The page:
UDP Hole Punching

Just read this great article on how Skype and other peer to peer applications are using UDP hole punching to get around firewalls and allowing them to establish direct connections between clients, which speeds up their applications as nothing really has to go through the main servers. They still can, if this type of connection does not work, such as on busy networks, but it really slows things down on the client and on Skype’s servers.

But anyone who has used the popular internet telephony software Skype knows that it works as smoothly behind a NAT firewall as it does if the PC is connected directly to the internet. The reason for this is that the inventors of Skype and similar software have come up with a solution.

The trick used by VoIP software consists of persuading the firewall that a connection has been established, to which it should allocate subsequent incoming data packets. The fact that audio data for VoIP is sent using the connectionless UDP protocol acts to Skype’s advantage. In contrast to TCP, which includes additional connection information in each packet, with UDP, a firewall sees only the addresses and ports of the source and destination systems. If, for an incoming UDP packet, these match an NAT table entry, it will pass the packet on to an internal computer with a clear conscience.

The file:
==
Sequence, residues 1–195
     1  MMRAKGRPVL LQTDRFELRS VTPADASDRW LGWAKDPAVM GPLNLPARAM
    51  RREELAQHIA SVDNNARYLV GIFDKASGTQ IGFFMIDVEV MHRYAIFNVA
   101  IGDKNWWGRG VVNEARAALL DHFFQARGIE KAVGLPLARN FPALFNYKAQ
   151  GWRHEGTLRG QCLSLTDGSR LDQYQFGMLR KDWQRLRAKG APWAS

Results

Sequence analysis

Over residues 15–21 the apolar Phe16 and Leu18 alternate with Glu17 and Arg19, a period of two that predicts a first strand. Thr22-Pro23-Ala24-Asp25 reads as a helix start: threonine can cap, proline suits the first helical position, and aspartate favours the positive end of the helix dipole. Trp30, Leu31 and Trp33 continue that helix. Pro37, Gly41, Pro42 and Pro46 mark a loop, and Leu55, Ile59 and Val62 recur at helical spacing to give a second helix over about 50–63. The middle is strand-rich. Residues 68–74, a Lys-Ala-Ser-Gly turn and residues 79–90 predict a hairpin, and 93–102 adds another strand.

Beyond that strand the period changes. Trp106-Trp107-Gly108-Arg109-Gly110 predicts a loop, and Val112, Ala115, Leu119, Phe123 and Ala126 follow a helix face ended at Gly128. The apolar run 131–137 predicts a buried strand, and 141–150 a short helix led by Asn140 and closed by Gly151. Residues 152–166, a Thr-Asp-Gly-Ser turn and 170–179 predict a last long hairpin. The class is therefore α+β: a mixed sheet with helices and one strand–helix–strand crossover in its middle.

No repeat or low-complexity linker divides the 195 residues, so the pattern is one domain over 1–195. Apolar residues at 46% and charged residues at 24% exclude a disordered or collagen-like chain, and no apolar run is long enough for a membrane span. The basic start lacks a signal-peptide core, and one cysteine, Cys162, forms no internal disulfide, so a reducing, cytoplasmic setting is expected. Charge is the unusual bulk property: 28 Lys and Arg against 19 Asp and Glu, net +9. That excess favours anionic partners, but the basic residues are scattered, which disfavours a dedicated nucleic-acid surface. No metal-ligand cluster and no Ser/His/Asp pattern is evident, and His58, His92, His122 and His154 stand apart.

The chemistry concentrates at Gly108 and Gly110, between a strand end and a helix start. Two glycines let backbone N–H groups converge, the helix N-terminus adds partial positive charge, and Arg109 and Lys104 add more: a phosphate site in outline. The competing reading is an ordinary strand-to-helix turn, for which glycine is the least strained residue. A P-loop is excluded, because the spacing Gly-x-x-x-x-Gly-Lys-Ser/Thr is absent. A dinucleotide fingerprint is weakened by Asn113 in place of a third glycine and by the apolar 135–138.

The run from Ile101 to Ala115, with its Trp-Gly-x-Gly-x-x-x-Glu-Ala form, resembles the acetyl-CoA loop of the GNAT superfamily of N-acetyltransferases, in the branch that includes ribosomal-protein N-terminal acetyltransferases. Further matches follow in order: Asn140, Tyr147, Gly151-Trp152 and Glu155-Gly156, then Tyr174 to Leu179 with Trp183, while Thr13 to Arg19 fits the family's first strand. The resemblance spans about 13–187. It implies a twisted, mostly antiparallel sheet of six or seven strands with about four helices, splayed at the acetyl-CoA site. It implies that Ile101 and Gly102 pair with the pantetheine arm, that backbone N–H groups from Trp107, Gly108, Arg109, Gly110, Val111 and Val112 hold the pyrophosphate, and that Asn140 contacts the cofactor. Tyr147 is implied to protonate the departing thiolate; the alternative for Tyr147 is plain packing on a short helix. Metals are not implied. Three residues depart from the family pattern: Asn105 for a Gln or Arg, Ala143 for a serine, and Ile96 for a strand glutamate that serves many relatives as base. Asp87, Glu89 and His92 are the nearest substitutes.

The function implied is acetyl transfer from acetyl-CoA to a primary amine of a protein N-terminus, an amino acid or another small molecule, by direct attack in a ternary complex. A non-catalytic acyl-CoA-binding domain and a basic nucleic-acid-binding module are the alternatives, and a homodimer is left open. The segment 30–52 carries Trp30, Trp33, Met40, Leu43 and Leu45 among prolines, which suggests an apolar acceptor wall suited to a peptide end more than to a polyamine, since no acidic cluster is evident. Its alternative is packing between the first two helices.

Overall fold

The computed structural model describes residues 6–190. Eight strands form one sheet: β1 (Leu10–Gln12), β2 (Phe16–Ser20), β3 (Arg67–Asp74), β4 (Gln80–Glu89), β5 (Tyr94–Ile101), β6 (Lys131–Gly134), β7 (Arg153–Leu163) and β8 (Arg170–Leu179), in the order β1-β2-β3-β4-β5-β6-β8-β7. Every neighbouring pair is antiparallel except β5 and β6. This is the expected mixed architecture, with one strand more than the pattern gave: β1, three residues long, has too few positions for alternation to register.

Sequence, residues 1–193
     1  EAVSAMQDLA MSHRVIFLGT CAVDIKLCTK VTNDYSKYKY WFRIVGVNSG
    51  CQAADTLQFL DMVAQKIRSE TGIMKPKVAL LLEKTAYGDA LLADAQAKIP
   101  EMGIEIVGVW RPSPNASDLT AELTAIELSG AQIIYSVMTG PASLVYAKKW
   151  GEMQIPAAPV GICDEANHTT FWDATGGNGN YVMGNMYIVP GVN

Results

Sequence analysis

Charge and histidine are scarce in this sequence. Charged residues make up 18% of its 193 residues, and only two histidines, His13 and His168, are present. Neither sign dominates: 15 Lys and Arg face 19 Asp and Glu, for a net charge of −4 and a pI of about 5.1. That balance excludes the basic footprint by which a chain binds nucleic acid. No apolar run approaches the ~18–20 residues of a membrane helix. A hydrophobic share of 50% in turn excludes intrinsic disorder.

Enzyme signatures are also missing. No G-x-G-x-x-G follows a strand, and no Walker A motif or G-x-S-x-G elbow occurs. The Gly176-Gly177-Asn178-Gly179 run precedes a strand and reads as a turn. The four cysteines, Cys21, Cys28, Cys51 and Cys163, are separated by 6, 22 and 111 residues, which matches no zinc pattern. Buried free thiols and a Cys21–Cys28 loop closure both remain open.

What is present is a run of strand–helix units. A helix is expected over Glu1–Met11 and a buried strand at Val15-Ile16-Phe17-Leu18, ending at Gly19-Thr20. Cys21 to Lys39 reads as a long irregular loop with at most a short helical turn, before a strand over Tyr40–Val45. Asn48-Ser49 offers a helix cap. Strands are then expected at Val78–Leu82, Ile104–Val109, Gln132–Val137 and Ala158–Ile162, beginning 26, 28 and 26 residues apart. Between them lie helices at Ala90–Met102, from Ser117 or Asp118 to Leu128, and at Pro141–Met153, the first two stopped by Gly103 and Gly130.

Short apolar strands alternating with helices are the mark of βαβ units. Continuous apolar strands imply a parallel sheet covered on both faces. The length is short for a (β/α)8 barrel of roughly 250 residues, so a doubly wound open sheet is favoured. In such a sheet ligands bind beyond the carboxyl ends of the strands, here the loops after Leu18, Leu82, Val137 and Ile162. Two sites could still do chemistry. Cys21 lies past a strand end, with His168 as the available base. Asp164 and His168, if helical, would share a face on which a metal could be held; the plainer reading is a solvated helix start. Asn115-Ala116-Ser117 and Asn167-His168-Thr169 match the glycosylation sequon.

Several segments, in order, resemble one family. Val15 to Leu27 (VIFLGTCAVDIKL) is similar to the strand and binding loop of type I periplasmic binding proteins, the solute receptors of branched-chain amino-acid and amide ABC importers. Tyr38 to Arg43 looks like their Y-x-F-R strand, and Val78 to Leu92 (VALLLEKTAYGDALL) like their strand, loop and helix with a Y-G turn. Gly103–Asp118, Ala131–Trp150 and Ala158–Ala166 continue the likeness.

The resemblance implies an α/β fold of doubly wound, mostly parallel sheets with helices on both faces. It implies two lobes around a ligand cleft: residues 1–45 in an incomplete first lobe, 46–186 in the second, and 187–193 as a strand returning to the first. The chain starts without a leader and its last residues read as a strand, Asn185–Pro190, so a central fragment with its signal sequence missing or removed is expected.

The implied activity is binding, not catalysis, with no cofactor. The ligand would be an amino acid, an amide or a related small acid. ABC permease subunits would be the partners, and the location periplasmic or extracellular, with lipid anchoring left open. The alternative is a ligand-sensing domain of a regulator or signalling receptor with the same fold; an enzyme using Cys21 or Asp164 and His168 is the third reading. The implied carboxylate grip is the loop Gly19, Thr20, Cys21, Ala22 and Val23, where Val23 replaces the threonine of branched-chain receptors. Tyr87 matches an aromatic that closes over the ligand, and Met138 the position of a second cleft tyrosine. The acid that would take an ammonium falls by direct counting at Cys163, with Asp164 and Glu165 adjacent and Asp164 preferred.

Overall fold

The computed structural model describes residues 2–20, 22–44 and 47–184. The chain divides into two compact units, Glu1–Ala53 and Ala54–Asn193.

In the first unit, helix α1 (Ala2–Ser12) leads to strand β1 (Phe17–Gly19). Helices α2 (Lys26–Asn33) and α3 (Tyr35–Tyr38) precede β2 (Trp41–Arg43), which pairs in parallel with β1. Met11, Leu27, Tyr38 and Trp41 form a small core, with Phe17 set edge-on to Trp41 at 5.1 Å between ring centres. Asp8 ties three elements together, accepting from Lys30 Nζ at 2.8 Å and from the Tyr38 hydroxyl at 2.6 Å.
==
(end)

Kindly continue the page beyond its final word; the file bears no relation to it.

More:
Network administrators who do not appreciate this sort of hole in their firewall and are worried about abuse, are left with only one option – they have to block outgoing UDP traffic, or limit it to essential individual cases. UDP is not required for normal internet communication anyway – the web, e-mail and suchlike all use TCP. Streaming protocols may, however, encounter problems, as they often use UDP because of the reduced overhead. Source: heise Security

The easiest way to stop this is to block all or limit all outgoing UDP traffic. Read the article, it has some good information and examples on how you can do this yourself.